Equity funding allows business owners to deploy their own equity/cash into the business. This is very appealing right now given interest rates.

Payables products, like supply chain financing, will essentially pay the invoice sent to you by your supplier and you repay the finance company on 30, 60, 90 day terms.

There are lots of options and what we see is that most sellers use a combination of two or three.

What does Storfund offer?

We provide a cash flow solution to sellers.

Here’s a very simple example. Let’s say you are selling on Amazon, and you have to wait 14 days for your funds to be paid out because of the marketplace’s reserve policy, we will advance you funds for your sales on the same day that you ship.

So if you sell 100K today, we will advance you 80K when you ship and we are repaid by the marketplace in their usual payout cycle.

What does a typical Storfund customer look like?

We have clients globally, but mainly they are based in Europe/US. They are mainly larger sellers with £1-20 million in gross sales. Smaller sellers prefer credit – like a loan – to build momentum; but once established, larger sellers often don’t need a loan, they just need to get paid! That’s why sellers with over a £1 million in sales, but definitely over £10 million, often prefer Storfund to credit. The other thing which defines our clients is that they are almost always omni-channel.

Why is cash flow important when expanding to a new marketplace?

The first things sellers think about when expanding are price point and margin. This is right, because there’s no point expanding just to diversify, sellers do it for scale and growth.

But cash flow is an important consideration too. When you start on a new platform, you will probably start with a longer or a harder reserve policy ie you’ll wait longer to get paid.

So the price point comes front of mind, but often it’s cash flow that will allow a seller to scale at the rate they want v. doubling down on their current marketplace.

Oliver Whelan,
Chief Revenue Officer at Storfund

“The aim of the game is to make sure funds are coming in before cash is going out – that’s cash flow.”

What is your golden advice for sellers to ensure a healthy cash-flow (with or without Storfund)?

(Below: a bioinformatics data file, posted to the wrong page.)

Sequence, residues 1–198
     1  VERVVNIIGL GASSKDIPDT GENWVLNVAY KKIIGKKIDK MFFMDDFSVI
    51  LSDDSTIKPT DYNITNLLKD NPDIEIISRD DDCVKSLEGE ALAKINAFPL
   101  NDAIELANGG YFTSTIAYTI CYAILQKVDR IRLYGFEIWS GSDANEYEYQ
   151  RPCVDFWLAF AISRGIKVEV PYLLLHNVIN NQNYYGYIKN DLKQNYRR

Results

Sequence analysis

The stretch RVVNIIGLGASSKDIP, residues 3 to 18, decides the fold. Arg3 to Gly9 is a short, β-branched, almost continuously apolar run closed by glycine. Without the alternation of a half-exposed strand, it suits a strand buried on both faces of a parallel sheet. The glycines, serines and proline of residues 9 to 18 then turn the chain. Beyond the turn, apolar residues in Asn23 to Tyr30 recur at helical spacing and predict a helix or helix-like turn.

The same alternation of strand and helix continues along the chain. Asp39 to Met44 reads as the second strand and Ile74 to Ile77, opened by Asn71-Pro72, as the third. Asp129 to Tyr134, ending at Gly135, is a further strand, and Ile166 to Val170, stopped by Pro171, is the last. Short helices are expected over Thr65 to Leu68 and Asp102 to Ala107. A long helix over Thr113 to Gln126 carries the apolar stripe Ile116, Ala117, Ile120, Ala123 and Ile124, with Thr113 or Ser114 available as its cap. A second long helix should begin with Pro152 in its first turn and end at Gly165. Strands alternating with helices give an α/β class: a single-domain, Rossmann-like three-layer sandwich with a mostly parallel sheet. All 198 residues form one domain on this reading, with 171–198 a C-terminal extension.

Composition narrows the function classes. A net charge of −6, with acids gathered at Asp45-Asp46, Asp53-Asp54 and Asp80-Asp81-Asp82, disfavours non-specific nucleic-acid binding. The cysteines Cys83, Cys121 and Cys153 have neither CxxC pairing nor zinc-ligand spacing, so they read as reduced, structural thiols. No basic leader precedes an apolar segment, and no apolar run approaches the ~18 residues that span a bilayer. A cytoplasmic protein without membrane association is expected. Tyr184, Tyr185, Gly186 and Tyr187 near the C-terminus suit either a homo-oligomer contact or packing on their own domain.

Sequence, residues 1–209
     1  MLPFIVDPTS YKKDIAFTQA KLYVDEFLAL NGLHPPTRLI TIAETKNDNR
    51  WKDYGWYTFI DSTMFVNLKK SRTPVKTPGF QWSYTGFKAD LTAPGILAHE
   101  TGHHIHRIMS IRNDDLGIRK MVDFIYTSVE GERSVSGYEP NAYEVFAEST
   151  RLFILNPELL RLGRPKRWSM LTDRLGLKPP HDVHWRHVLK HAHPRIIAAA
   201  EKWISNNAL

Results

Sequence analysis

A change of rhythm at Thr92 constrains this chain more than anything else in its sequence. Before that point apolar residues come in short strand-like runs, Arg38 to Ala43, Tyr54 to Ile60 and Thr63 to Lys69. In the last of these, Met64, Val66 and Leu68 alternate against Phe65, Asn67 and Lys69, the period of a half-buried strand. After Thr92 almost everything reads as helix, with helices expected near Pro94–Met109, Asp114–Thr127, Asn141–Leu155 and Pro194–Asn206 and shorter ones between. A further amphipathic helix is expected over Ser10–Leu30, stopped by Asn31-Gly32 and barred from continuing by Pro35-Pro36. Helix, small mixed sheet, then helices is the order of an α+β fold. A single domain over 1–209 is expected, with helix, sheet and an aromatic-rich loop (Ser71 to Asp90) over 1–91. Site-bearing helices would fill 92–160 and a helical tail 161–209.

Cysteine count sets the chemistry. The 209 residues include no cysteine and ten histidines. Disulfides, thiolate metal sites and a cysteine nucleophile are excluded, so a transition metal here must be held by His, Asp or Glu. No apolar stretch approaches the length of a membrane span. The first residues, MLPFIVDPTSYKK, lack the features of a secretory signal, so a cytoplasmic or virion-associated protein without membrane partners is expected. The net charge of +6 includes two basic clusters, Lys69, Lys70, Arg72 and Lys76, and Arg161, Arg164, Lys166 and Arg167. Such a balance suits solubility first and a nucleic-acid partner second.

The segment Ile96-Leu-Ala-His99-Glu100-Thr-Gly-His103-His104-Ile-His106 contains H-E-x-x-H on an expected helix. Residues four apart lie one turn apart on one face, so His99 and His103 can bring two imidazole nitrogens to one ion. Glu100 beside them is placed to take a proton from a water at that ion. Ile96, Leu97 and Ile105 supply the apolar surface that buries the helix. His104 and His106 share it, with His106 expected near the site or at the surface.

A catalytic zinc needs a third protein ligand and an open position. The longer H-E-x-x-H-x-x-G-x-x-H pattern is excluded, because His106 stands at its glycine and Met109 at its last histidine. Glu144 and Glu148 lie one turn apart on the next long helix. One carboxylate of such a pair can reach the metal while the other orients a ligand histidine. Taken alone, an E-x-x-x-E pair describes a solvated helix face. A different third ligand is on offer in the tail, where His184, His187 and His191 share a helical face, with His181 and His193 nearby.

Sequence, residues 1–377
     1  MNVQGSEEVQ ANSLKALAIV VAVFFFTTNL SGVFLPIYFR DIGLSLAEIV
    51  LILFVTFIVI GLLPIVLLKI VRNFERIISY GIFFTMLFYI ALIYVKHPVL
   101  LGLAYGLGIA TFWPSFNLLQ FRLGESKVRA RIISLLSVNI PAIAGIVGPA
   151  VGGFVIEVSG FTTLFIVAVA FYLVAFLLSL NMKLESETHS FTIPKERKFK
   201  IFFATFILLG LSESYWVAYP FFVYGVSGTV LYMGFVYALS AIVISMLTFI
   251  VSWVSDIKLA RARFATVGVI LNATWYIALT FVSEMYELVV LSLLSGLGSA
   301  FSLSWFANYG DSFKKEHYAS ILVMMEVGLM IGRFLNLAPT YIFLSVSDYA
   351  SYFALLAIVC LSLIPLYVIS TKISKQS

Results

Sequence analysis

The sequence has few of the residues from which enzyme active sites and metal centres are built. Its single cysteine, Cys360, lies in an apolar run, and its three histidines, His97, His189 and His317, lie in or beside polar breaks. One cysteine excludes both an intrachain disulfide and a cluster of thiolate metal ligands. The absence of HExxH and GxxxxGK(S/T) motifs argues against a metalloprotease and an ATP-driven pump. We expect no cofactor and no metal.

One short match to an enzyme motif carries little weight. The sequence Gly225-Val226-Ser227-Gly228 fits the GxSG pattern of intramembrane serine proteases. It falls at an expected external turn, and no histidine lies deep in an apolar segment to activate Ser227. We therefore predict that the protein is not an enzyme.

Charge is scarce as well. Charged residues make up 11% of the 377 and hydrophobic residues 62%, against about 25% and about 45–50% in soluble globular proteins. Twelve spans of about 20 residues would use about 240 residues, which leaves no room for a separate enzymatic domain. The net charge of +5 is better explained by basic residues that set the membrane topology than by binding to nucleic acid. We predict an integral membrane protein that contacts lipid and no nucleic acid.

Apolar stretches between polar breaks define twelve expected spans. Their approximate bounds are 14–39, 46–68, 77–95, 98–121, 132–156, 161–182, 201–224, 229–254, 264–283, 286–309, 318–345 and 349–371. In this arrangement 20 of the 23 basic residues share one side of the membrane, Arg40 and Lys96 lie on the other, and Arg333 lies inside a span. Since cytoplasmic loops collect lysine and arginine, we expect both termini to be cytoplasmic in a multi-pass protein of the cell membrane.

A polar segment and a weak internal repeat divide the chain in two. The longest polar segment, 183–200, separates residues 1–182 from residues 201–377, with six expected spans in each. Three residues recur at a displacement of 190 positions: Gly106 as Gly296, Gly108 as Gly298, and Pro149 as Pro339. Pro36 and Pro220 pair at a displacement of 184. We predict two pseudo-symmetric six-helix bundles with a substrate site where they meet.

Businesses need to take every opportunity to have credit available. For example, if a supplier can offer you 30, 60, 90 day payment terms at a slight cost, but less than you would pay for a credit facility, take it.

The aim of the game is to make sure funds are coming in before cash is going out – that’s cash flow. Make sure you take every opportunity, as long as it’s efficient for the business, to ensure you have funds available to double down and scale when demand rises.

Often you can get a discount from a supplier if you pay upfront, that’s where Storfund comes in. If you can negotiate a discount that is blogger than the fee you pay to Storfund, you can increase margin and increase cash flow.

Given aggregators are not the option that they once were, what exit options do business owners have?

There is still a market for ecommerce businesses and decent exit valuations for businesses that are doing the basics right, solving a genuine problem, have genuine scalability without quadrupling their cash base, good margins etc.

But no doubt it’s harder than it was; that’s why we are seeing companies hunker down and focus on good quality profitable growth. When markets turn round in two years time, that’s when they’ll have their opportunity.

What can a business do to prepare for investors/exit when the market turns?

Investors want to see businesses that can weather the storm and grow, but scale without a decent return is not what investors are looking for.

The theme in the market is that the bottom line is more important than the top line and this will continue for a while.

That means sellers need to streamline their cost base, focus on products where the return is highest, and maybe sacrifice some of the top line to make sure the bottom line is strong, stable and growing.